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Taking A Summer Break


Since my husband and I are both teachers (80+ years together), we usually have the same time off. Since we will both be attending the Teachers Pay Teachers Conference in Nashville (my first time) and then coming home to relax, for the next three weeks, I am setting aside all technology to focus on my family and friends.  In the meantime, if you really want something to read, choose one of my older posts. My blog posts will return on Wednesday, August 1st.


Common Classroom Irritations

Have you ever noticed that the same old problems keep resurfacing year after year in your classroom? Isn’t it funny how the little things sometime put us over the edge? I can always deal with that “special” child, but the continuous line at my desk about drives me crazy. Here are two different classroom irritations which I find to be the most annoying plus some possible solutions to think about before school starts.

A. Getting a Drink; Using the Restroom

1)  Set the number of times each student may go per the week.

2)  Have a restroom pass so only one student is out of the classroom at a time.

3)  Count when the children are getting a drink at the drinking fountain such as 1-2-3.  This way everyone is given the same amount to time.
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4)  Keep a bottle of hand sanitizer by the door so children may use it before lunch to clean their hands. (Unfortunately, not all children wash their hands after using the restroom.)

B. The Pencil Sharpener

1)   Have a box of pre-sharpened pencils that all the children may use.

2)   Make a designated time when students may sharpen pencils. If you have an electric pencil sharpener, unplug it during the off limits time.

3)   Designate an individual to be the “pencil sharpener.” This can be a daily job in your classroom. This person performs the task of sharpening pencils before school, after school, or during any other designated time.

4)   Have two cups of pencils near the pencil sharpener, one for dull pencils and one for sharpened pencils. When a child’s pencil is dull, s/he places it in the dull cup and takes one from the sharp cup.

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Do you want additional ideas on how to solve common classroom irritations plus more ideas for the ones mentioned above? Check out the complete resource that fully discusses:

           1)  Children Who Are Always at Your Desk
           2)  The Pencil Sharpener
           3)  Getting a Drink; Using the Restroom
           4)  Tattling
           5)  Stress – Especially at Test Time
           6)  Teasing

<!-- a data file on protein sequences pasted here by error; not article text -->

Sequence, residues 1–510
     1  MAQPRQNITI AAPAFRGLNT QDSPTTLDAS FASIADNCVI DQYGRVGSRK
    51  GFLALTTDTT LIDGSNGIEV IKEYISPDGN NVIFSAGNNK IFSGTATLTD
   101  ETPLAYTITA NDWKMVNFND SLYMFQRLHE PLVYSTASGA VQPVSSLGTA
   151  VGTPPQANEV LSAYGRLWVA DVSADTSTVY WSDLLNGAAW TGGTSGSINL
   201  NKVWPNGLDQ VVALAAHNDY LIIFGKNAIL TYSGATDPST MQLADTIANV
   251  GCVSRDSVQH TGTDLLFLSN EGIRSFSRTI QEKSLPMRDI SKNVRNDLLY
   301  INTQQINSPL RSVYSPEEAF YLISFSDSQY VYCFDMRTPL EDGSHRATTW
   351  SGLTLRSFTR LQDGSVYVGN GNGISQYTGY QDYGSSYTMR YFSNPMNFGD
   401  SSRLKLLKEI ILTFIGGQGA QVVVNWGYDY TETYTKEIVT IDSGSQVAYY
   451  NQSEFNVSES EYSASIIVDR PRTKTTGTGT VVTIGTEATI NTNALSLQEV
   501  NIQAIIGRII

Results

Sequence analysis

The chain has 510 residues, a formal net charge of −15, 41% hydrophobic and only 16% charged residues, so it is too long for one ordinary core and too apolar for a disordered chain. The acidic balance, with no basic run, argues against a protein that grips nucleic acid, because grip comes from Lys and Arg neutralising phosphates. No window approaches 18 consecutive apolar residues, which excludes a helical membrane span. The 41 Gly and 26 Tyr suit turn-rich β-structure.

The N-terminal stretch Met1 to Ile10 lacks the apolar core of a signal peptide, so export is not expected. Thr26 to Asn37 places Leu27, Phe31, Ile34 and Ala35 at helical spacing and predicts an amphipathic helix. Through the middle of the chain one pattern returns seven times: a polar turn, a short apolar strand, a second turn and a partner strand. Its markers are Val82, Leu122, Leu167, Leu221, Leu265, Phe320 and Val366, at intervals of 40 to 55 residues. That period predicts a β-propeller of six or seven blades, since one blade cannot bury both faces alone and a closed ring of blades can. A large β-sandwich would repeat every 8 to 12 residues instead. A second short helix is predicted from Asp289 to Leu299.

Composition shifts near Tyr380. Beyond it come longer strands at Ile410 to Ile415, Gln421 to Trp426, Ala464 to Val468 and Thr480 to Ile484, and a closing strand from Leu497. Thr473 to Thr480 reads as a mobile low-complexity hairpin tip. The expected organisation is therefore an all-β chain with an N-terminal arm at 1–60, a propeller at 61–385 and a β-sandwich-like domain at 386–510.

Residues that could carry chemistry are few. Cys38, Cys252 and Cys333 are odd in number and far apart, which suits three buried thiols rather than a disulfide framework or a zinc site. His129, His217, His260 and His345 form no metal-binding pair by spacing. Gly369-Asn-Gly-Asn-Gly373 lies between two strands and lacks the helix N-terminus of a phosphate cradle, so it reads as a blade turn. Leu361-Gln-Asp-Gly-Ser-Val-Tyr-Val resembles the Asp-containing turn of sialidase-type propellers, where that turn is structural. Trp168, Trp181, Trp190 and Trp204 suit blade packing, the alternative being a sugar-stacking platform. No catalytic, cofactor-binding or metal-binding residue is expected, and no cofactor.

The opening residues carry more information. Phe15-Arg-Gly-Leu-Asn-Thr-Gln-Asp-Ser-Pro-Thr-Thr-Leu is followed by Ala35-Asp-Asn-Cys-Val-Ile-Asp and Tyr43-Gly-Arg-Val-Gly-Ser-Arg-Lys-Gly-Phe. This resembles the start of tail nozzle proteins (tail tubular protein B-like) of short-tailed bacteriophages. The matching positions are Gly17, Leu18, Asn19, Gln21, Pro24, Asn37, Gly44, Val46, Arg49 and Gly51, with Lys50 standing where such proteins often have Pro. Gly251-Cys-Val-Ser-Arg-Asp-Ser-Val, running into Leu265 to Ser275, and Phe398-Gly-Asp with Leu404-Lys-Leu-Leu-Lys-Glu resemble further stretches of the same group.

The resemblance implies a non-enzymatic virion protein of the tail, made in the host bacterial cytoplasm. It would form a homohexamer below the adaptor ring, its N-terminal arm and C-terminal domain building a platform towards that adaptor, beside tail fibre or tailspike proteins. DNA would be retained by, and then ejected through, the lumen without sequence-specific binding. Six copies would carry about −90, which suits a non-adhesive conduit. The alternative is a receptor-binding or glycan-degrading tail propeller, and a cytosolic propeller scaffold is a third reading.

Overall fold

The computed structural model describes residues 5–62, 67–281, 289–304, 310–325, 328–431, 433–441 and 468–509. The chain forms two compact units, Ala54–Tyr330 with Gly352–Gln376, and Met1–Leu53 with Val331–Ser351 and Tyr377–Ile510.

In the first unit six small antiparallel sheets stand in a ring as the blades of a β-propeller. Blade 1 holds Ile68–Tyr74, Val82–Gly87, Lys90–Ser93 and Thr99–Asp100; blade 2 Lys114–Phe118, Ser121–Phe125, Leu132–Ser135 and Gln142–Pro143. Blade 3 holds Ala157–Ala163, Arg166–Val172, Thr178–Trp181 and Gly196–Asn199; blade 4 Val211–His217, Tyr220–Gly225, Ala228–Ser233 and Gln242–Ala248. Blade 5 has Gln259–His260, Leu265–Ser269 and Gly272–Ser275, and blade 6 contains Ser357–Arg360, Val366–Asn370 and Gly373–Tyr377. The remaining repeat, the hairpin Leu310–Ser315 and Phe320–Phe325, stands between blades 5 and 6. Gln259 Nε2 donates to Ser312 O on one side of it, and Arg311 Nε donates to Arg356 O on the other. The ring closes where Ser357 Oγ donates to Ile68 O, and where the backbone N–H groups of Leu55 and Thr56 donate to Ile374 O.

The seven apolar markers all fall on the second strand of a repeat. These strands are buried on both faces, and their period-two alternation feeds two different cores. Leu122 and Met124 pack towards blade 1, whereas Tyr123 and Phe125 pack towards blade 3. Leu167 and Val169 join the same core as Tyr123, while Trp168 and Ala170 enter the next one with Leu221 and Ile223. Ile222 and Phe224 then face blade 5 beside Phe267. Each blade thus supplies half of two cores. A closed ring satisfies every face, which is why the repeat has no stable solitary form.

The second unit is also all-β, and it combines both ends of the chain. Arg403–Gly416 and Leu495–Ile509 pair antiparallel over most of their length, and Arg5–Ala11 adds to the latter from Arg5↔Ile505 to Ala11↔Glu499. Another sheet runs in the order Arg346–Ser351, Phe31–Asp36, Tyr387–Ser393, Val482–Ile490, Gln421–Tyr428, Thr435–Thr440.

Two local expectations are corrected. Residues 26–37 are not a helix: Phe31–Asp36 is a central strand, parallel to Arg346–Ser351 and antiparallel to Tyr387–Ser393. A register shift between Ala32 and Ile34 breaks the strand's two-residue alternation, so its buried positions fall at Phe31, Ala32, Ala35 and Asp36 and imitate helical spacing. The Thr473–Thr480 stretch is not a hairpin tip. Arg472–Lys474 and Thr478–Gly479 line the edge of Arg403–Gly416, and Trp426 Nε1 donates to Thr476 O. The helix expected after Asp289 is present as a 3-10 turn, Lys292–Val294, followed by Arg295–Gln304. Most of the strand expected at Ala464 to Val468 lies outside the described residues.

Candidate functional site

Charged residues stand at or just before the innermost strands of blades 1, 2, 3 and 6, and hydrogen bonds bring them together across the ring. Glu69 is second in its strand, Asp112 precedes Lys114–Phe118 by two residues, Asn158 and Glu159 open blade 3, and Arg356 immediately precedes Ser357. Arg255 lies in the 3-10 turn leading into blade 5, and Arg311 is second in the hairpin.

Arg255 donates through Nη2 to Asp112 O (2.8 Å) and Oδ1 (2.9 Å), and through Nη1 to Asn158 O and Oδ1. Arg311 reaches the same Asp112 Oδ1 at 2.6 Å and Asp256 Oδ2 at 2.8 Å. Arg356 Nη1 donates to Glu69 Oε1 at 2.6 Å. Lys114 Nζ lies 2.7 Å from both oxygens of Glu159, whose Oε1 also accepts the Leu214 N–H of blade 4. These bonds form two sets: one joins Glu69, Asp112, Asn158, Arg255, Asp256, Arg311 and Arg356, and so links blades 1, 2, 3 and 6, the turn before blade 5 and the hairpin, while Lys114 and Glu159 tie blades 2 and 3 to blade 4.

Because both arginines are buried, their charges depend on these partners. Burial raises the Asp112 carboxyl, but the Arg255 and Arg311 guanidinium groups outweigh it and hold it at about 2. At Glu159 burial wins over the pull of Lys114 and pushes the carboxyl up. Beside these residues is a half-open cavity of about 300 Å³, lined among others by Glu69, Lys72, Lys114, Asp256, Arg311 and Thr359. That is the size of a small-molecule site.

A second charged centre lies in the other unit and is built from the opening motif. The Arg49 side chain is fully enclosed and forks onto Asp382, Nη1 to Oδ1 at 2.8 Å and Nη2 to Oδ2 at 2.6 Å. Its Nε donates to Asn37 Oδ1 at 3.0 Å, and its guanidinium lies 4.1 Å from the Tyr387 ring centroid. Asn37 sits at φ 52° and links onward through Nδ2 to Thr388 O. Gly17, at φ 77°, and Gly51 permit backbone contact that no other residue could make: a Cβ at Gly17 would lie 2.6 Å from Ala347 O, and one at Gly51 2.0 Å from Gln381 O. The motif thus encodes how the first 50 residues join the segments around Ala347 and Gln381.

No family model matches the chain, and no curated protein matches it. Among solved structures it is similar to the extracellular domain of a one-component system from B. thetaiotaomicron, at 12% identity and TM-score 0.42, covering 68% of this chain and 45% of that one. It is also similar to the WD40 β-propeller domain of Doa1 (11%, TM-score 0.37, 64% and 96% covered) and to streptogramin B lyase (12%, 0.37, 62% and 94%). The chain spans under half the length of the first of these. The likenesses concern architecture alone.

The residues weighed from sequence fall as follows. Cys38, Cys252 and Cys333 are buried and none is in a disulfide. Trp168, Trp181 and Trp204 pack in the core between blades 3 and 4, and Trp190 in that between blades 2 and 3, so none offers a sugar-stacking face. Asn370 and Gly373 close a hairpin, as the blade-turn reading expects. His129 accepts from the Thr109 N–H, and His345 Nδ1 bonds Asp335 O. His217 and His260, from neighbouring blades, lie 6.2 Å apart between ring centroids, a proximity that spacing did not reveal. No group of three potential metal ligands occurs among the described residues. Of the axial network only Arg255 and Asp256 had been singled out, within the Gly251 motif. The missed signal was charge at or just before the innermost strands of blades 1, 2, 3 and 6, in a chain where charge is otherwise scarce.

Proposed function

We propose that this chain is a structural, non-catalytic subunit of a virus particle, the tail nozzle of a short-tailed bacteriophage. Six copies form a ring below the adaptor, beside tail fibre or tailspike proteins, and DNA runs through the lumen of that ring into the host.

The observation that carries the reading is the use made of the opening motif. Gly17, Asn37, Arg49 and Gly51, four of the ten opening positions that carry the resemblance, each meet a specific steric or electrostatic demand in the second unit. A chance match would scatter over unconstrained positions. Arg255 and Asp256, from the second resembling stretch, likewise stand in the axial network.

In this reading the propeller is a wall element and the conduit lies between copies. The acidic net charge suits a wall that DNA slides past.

7)  Unmotivated Students


Is Extra Credit a Worthwhile Option?

Among teachers, extra credit work has its supporters and its critics, and there are a large number of "undecideds" as well. (Sounds like a political poll!) The range of viewpoints is understandable because the whats, when, whys and hows of extra-credit assignments really matter. Many instructors can't determine whether extra credit is a benefit or a liability, whether it is a point of contention or a headache. In other words, often it is a controversial practice.

When considering extra credit, think about these questions.

1) Does extra credit urge the students to spend less effort on their main assignments?

2) Are extra credit assignments meaningful or mere busy work?

3) Will extra credit encourage student behaviors that will not serve them well in the real world?

4) Should extra credit opportunities be extended to every student or be offered only to certain students on a case-by-case basis?

5) Can extra credit work contribute to grade inflation?

Teaching on the college level, I find that particular instructors never offer extra credit under any circumstances. (That’s me!) Others embrace it as a way to help students learn the course material or improve an unacceptable test score. A small minority, if pushed, will confess they only offer it when students wear them down until they finally give in to it. Most instructors understand that if there are too many opportunities for extra credit, it could possibly outweigh the required course assignments to the point where a student could pass the class without meeting all the standards. (YIKES!!)

I have always been anti-extra credit, the central reason being that it can inflate grades and allow students to receive grades that truly do not reflect their abilities or understanding of a subject. (Remember, I teach math.)  This is the way I view it.
  • Extra credit reinforces students’ beliefs that they don’t need to work hard because whatever they miss or choose not to do, they can make up with extra credit. 
  • Often, students who ask for extra credit tend to be those who aren’t succeeding or those who hope they won’t have to work hard because some easy extra credit opportunities will be available to them. 
  • It is an unintended chance to make up for low scores on earlier exams or missed assignments. (I would NEVER create extra credit assignments at the end of a grading period for students who needed a boost in their grades.) 
  • Time spent on extra credit means less time spent on regular assignments.